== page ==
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Lopes v. Bruns

Court of Appeal of California, First District, Division Two
Jun 22, 1928
268 P. 928 (Cal. Ct. App. 1928)

Opinion

Docket No. 6297.

June 22, 1928.

APPEAL from a judgment of the Superior Court of Alameda County. James G. Quinn, Judge. Affirmed.

The facts are stated in the opinion of the court.

E.H. Christian and Ernest S. Leslie for Appellant.

Rodolph Hatfield and Silverstein, Collier Silverstein for Respondents.


Plaintiff sued to quiet title to real property situated in Alameda County. Defendant Bruns filed an answer and cross-complaint charging that defendant Frank Lopes conveyed the property to plaintiff for the purpose of defrauding defendant Bruns who was a creditor of the two defendants, Frank and Marie Lopes. The last-named defendant filed an answer alleging that she was granted an interlocutory decree of divorce from her co-defendant, Frank Lopes, prior to this transfer to plaintiff, and that by the terms of this decree she was awarded an undivided two-thirds interest in the property in suit, and that the husband was awarded an undivided one-third interest therein. Trial was had before the court sitting without a jury and resulted in findings and a decree awarding plaintiff an undivided one-third of the real property in suit, awarding defendant Marie Lopes an undivided two-thirds thereof, and adjudging that the respective interests of both of these parties were subject to a judgment lien of the defendant Bruns in the sum of $976.15. From this judgment the plaintiff has appealed on a typewritten transcript.

[1] The appellant advances three grounds for a reversal of the judgment which we will consider in order. It is argued that the cross-complaint of respondent Bruns does not plead facts sufficient to constitute a cause of action. It does not appear that the point was raised in the trial court. No demurrer to the cross-complaint was interposed and we are not directed to any portion of the typewritten record showing that any objection to the pleading was made during the course of the trial. If it is true (and nothing is said to the contrary) that the parties went to trial of the issues on the assumption that they were properly raised in the pleadings the objection is of little force where raised for the first time on appeal. ( Etienne v. Kendall, 202 Cal. 251 [ 259 P. 752].)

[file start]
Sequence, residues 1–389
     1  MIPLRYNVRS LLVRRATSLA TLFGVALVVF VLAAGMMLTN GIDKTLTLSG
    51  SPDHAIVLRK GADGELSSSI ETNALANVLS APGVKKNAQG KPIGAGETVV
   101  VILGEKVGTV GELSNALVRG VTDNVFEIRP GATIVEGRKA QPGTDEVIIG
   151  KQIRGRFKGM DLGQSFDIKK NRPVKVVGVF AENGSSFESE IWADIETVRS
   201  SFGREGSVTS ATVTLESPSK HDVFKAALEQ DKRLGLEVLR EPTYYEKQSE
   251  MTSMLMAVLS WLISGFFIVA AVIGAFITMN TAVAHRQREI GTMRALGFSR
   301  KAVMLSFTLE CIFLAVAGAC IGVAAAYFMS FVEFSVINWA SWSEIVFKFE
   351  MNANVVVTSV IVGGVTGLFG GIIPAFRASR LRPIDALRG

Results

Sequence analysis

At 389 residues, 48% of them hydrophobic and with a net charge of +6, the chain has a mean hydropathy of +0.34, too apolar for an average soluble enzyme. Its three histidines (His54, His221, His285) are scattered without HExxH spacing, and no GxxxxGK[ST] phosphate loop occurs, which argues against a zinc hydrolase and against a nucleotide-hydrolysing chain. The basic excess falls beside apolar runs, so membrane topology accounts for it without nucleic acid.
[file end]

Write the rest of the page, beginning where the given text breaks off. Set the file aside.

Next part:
It is argued that no title vested in respondent Marie Lopes by virtue of the interlocutory decree of divorce. It is of no importance whether title vested or not. [2] The interlocutory decree became a contract between the parties in the divorce action ( London Guarantee Accident Co., Ltd., v. Industrial Accident Commission, 181 Cal. 460, 466 [ 184 P. 864]; Gould v. Superior Court, 47 Cal.App. 197, 200 [ 191 P. 56]). It was the final determination of the rights of the parties as to the property involved subject only to the entry of the final decree of divorce. ( Newell v. Superior Court of Los Angeles County, 27 Cal.App. 343, 344 [ 149 P. 998].) In so far as the decree determined the respective rights of the parties to the community property it was a final judgment subject to attack only by appeal or other method authorized by statute. ( Suttman v. Superior Court, 174 Cal. 243, 244 [ 162 P. 1032].)